Suffering and the Heart

From My Bookshelf — Day 67


Suffering need not destroy the heart; it has the potential to lead to life. 

Suffering changes the human heart—sometimes for good and often for ill. We are faced with the challenge of learning how to wrestle with sorrow so it can bring about the greatest good. If we want to become more like God wants us to be, we must consider what it means to live well in a fallen world rather than scramble to escape the veil of sorrow.

The path of life runs in and out of darkness, confusion, uncertainty, loss, and heartache—not a path we would choose naturally. It compels us to walk as aliens and strangers through the desert and through the valley of the shadow of death. 

The healing path is not a jaunt in the park. It is a life-rattling, heart-revealing journey that takes us through danger, harm, heartache—and ultimately to new trust, profound hope, and a love that can’t be scorched by assault or destroyed by loss. The healing path is glorious, but the only way we will stay on course and resist the temptation to flee to safer ground is by comprehending more deeply the assaults and losses we will face on our journey. In the desert and valley we will pass through the dangers of betrayal, powerlessness, and ambivalence. These three realities will pull faith, hope, and love right out from under us if we are not ready for them.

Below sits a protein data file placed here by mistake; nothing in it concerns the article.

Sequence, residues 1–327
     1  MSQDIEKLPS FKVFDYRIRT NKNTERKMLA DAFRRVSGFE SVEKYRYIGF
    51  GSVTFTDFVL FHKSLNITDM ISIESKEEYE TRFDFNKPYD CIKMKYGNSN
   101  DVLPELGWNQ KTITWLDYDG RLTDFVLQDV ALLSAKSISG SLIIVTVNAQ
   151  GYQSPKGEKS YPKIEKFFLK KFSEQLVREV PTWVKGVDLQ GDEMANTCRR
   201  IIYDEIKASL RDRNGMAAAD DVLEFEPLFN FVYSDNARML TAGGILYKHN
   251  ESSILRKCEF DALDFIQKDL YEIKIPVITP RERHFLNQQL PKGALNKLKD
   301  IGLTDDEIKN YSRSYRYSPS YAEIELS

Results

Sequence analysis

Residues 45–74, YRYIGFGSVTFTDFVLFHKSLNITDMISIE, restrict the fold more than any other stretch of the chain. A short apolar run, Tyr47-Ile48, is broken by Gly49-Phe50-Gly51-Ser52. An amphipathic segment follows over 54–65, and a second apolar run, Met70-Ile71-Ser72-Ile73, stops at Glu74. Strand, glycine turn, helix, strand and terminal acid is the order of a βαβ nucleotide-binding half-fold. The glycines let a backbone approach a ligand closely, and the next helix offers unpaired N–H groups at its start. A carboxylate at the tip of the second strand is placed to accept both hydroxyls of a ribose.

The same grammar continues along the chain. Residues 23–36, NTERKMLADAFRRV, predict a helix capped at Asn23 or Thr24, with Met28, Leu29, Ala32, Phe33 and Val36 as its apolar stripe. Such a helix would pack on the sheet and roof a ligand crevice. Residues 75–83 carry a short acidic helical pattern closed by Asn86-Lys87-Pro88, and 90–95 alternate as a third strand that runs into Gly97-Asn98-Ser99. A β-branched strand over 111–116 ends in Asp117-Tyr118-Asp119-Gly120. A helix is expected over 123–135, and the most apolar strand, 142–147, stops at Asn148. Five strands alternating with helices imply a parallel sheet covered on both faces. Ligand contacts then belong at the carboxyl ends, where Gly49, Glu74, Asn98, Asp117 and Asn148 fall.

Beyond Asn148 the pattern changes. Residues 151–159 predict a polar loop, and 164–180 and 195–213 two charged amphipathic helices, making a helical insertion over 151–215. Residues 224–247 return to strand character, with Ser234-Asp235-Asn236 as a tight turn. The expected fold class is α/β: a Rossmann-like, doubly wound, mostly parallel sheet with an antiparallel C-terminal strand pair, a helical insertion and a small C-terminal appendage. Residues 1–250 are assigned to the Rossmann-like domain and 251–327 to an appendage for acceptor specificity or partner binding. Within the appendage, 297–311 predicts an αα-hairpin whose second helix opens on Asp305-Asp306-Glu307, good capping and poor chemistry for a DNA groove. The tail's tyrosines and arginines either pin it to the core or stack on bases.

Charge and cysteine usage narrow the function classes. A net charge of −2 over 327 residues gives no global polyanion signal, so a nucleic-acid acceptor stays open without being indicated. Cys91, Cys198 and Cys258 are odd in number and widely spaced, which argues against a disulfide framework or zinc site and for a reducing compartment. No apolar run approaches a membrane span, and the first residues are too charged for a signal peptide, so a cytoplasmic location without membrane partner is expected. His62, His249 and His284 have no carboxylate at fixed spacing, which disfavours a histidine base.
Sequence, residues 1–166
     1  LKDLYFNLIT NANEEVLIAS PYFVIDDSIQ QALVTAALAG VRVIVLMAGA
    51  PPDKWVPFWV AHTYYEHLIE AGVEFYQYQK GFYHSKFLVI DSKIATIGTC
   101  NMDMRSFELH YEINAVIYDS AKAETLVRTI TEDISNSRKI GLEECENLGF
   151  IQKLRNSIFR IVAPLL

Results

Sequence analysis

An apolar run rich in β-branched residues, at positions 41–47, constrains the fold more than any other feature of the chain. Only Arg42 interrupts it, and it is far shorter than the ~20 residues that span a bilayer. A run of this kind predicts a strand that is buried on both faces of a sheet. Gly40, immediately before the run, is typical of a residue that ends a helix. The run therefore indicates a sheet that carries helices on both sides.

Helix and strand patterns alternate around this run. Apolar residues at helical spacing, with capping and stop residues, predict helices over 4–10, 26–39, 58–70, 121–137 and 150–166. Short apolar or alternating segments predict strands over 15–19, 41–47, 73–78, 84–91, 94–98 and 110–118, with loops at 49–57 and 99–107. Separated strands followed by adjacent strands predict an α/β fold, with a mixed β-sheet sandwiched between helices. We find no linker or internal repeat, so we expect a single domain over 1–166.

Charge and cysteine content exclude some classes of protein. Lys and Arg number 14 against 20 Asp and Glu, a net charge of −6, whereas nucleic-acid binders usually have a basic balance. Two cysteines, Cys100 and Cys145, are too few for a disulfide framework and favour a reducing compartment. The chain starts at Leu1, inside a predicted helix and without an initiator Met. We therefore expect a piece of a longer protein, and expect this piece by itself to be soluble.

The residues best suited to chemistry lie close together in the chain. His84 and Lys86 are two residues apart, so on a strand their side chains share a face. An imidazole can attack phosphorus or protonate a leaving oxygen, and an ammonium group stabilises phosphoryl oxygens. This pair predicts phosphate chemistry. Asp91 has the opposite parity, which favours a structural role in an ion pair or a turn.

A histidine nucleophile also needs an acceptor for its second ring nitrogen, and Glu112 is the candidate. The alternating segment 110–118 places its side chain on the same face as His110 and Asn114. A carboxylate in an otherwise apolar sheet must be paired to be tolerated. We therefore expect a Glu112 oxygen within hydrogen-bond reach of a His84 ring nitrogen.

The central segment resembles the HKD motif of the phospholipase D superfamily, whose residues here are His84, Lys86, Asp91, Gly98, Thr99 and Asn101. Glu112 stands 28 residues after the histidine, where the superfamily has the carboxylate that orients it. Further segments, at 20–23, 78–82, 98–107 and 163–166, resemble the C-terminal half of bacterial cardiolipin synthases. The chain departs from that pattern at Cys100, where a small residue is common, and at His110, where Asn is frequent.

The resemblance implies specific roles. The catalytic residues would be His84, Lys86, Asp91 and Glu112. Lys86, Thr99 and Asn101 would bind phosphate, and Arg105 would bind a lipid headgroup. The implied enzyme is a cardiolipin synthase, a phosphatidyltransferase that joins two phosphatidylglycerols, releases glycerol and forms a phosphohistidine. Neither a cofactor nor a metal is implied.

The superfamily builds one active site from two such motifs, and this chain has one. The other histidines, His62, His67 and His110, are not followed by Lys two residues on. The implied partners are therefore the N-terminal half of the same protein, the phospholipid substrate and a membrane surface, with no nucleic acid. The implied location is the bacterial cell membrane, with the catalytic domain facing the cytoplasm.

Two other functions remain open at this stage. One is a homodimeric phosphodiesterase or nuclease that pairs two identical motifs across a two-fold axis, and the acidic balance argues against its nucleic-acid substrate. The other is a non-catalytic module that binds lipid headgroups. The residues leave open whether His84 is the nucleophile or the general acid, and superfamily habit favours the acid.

Ambivalence exposes our heart’s desire for what we are no longer free to enjoy. It causes us to question the sanity of giving and receiving pleasure in our work and relationships. What if it ends? What if I enjoy you more than you enjoy me? What if your delight in me is bogus? Or worse, what if it is mere manipulation to get from me what you want? What if I love you and then you die, divorce me, or turn against me? The risk is more than I can bear, and so I refuse to open my heart to another person who will arouse my desire and then might use me or dash me to the ground. 

Such ambivalence is the enemy of love. The core of love is the capacity to offer ourselves to others—to bless them with our presence and our gifts. The dance of love calls us then to be open to receive from others gratitude and the gift of their presence in return. Ambivalence kills this reciprocal movement of praise and forgiveness that gives, receives, and glories in the wonder of our capacity to touch each other. 

Often we live out our past pain and betrayal in the present by looking at every interaction with others from the vantage point of utility and cost. What do you want? What is it going to require of me? This stance robs us of spontaneity and fun. Life becomes dark and lonely. 

If we don’t open our arms and hearts to the past, we will remain suspicious and closed in the present.

We are to greet trials with joy and to rejoice when suffering comes. Why? Because suffering sets into motion our will to find meaning; it compels us to honestly assess the facts of our lives and begin to order truth into a framework that has personal meaning to us. We cannot have a sense of purpose or a deep understanding of what we’re created for unless we encounter the kind of pain that compels us to rise above the daily domain and recollect who we are. Pain enables us to discover ourselves.